Just because courses mention Egypt and Horus or Buddhism etc doesn't mean those courses even come close to explaining astrotheology.
The big struggle in this material is to open a simple and coherent discussion of the meaning of cosmic observation in ancient myth. It is a topic that is easily derailed by many swirling subterranean cultural currents. FTL is correct that many scholars provide empirical information about different religions but fail to analyse their links, especially the similarities that derive from observation of the same sky.
From the Judeo-Christian side, the injunction in Deuteronomy against nature worship has very powerful influence on scholarly and popular attitudes, leading to the pervasive idea that the historical shift to worship of a single supernatural deity involved progress towards a higher consciousness. In fact, the shift from polytheism to monotheism was more a degrading of spiritual consciousness for the sake of political control. The association between monotheism and technological progress has reinforced the linear model whereby evolution from primitive to modern in technology and economics maps to the evolution in spirituality from animism to polytheism to monotheism. Astrotheology is seen to conflict with dominant linear theories of progress. Now monotheism functions like a political wet blanket over spiritual diversity, using its position of cultural dominance to affect a condescending tone towards those who see how much human spirituality has lost in the suppression of ancient diversity.
Modern science also works to suppress astrotheology for basically irrational reasons. A main theme here is the cultural origin of science in battle against fatalistic occult movements that were important to the scientists of the Renaissance such as the Hermetic philosophers of Florence. Modern occultists give science plenty of ammunition, since popular astrology is a magical folk tradition more geared to public entertainment than to scientific knowledge. The occult is an easy target. People can say that astrotheology seeks to put human life into a cyclic framework governed by natural patterns such as the solstices and equinoxes, but that is a regress to a primitive fatalist mentality, and human life has broken free of this old idea that we are governed by the stars. Guilt by association means that any study of astrotheology is viewed within the framework of hostility to astrology, and seen as an effort to revive false stagnant irrational magical obsolete beliefs.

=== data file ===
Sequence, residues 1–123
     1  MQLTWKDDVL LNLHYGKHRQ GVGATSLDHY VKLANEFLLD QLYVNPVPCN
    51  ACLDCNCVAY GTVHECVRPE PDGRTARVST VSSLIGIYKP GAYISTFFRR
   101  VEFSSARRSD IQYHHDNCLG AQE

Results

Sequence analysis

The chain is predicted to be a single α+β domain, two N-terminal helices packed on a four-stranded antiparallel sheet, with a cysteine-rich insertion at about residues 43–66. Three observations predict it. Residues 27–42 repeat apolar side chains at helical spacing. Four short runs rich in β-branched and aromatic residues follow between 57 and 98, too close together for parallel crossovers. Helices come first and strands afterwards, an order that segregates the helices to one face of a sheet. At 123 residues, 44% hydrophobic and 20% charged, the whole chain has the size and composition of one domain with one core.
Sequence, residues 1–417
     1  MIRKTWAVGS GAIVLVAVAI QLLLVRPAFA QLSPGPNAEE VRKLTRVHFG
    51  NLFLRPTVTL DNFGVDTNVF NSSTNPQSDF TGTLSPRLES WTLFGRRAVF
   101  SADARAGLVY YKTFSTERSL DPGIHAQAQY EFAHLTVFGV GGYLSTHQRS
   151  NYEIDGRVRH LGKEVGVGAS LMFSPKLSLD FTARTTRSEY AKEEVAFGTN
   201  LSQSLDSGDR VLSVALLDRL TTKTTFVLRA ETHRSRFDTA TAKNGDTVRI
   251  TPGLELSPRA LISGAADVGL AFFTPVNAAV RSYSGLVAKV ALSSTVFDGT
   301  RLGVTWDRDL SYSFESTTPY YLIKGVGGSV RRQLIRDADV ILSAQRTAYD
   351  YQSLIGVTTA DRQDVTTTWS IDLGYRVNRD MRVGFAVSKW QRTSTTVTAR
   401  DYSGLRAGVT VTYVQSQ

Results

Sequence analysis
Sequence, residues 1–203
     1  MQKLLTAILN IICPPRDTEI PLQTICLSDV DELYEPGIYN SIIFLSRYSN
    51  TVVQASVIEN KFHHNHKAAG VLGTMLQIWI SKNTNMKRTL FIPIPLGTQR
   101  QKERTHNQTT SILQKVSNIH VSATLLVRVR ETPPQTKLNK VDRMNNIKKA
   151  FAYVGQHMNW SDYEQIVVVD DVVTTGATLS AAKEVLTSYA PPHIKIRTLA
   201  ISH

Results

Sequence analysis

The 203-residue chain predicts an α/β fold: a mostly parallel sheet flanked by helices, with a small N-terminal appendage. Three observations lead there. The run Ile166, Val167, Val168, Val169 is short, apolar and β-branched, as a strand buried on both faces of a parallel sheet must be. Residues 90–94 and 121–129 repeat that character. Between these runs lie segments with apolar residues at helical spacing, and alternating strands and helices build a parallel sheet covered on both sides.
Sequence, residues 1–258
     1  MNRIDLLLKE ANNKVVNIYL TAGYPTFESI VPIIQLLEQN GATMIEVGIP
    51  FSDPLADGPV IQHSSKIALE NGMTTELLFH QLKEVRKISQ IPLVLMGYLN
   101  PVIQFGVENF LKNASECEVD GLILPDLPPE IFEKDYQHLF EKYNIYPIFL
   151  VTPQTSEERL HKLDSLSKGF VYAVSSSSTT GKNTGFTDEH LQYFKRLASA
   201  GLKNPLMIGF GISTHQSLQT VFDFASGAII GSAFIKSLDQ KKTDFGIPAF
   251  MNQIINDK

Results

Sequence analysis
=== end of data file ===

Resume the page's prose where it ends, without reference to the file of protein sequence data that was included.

The trouble with these widespread forms of opposition to astrotheology is that they kick away the ladder which humanity climbed to establish our current scientific and religious paradigms. If Jesus Christ was primarily a symbol of cosmic attunement, with the alpha and omega marking the shift of the Great Year from the Age of Aries to the Age of Pisces, in line with readily available ancient observation of the time of Christ as a moment of celestial harmony between the seasons and the stars, then this fact is highly informative for understanding the emergence of Christian theology. Ignoring this fact means we stick to a partial, alienated and supernatural theory of Christian evolution, one that disrespects the ancient ability to perceive nature, ignoring their sense of wonder in creating a myth of how the observed patterns of the sky were reflected in imagined patterns on earth.
Acharya has recently discussed her relation to theosophy, a theme which some critics have used to argue she is irrational. This is a complex question. Much theosophy is quite mad, as any reading of Blavatsky's The Secret Doctrine
will quickly reveal. Blavatky has been called the founder of modern astrology, and had immense influence on all the spiritualist movements of Europe before the Second World War. However, there is also some wheat among the tares. Her key argument, shared with astrotheology, is that Abrahamic faiths stand on the shoulders of a wide deep and rich tradition of human mythology, and can only be properly understood in the broader context of culture, especially the heritage from India and Egypt. Theosophy showed that this premise is rather explosive, as it opens the way to irrational magical ideas as much as to a serious scholarly analysis.
Gerald Massey, the founder of modern astrotheology, distanced himself from Blavatsky because he felt his own serious research was tarred in the public mind with the brush of theosophical fantasy. And yet, this attitude from Massey may well have made it harder for readers to appreciate his work. The common ground between astrotheology and theosophy in a critique of the supernatural delusion of mainstream religion was lost in an emphasis on their differences. For example, Blavatksy critiques the disenchantment of the scientific world view. This critique is central to astrotheology, because the basis of myth in natural observation was used to establish a sense of deep connection between humanity and the cosmos, a connection that is lost in the de-centered Copernican focus on objective facts.
Precession of the equinox is an interesting common ground between theosophy and astrotheology, as a topic that puts humanity back at the center of cosmology, with a deep empirical scientific truth, while also establishing a natural framework for the evolution of myth. The observation of the wobble of our planet is the basis for analysis of the long term relation between culture and nature, how religion is embedded within scientific observation. Modern views, such as Carl Sagan's story of the pale blue dot, follow Galileo and Newton in removing humanity from the center of objective cosmology. Understanding of precession points a path past this decentered mentality, seeing how Christianity emerged from observation of how our planet relates to the observed cosmos, how myth tells a deep story that links us to our universe.